The idea that representation in film, TV, books, and other media is important is fairly well studied and understood. And you probably already know that it matters. However... it's necessary to have a conversation about what it means to have a diverse representation of race, gender, sexual orientation, religion, age, and more.
Let's talk about:
So, what is media representation anyway?
The basic definition of media representation is simply how media (films, TV, books, social media...) portray certain types of people or communities. A diverse representation can make people feel welcomed, secure and understood. When you don't see people like yourself in the media, the message you get is that you're invisible and/or there is something wrong with you.
Seeing the same type of people over and over, for years and years, sends a very clear message, not only to members of those communities, but to everyone else. Studies show that audiences substitute stereotypes they see on screen for reality when they don't have any direct interactions with a certain community. In practice, that means media is teaching us that minority characters are mostly negative and something to avoid.
There has been a steady increase of diversity in media, but progress has been very slow, and more often than not, depicting exaggerated and stereotypical characters.
How about Queer Representation?
The LGBTQIA2S+ community has been largely represented by straight people, or having stereotyped and/or sexualized characters. GLAAD, an organization that tracks representation of lesbian, gay, bisexual and transgender people in the media, recorded that 2019-2020 was the year with the highest percentage of queer characters, with 10.2%, in broadcast series regular.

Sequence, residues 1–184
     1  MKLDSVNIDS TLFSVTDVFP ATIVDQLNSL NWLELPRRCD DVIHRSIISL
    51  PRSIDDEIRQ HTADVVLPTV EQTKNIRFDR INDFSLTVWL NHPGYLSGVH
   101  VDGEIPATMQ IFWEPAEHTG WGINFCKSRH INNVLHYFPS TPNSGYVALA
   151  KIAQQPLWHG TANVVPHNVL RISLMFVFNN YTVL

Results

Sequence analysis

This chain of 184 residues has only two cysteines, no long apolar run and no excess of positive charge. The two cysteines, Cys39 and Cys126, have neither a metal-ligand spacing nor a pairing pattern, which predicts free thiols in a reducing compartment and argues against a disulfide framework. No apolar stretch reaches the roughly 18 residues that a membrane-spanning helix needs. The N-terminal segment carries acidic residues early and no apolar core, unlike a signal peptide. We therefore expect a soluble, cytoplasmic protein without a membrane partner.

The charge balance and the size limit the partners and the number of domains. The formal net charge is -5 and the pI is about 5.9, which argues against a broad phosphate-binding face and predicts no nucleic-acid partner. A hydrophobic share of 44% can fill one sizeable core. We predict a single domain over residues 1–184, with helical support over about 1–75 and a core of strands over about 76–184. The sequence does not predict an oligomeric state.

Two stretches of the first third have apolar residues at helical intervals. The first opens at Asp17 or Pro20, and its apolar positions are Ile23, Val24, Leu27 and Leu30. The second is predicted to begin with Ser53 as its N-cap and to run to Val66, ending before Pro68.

Although we're seeing some changes, we still have a long journey ahead of us. Queer representation is so important because to feel normal and welcomed you need to see, read and hear the voices of other people who look like you and use the same identifying labels. Just like Amber Leventry said on her article for The Washington Post “(…) as a transgender person, I find it hard to look in the mirror(…). It would be easier to look at my reflection if I saw my image reflected back to me in the media.”
Transgender representation on media 2019-2020, according to Where We Are on Tv Report by GLAAD.
When there is no access nor it's possible to openly watch a show with queer characters at home, many people in the LGBTQIA2S+ community turn to social media, using platforms like YouTube, TikTok, Tumblr, Instagram, to express themselves and connect with others. For queer youth in particular, social media can be a place to feel less alone and find peer support. Not everyone in the community have support through their family, school, or community, and the internet is a place where they can be who they really are, especially now during quarantine.
Thanks to the social media, many figures such as Jazz Jennings, Aydian Dowling, and Rebekah Bruesehoff who are showing the world — and other transgender youth and young adults — the power and joy of living authentic lives.
There are some TV shows that are changing the LGBTQIA2S+ spectrum to a better place too. According to an article written by Sara Arid to The New York Times “’The Red Line,’ ‘Jane the Virgin’ and ‘Crazy Ex-Girlfriend’ are among the series that have raised the bar for diversity on network television". GLAAD is also calling on the industry to make sure that 20 percent of series regular characters on primetime scripted broadcast series are LGBTQ by 2025.
Unfortunately we still live in a society that gives privilege to white cisgender people, and it's our responsibility to change that. What and who we see on the media defines our perception of the world around us, and being represented means stopping being invisible.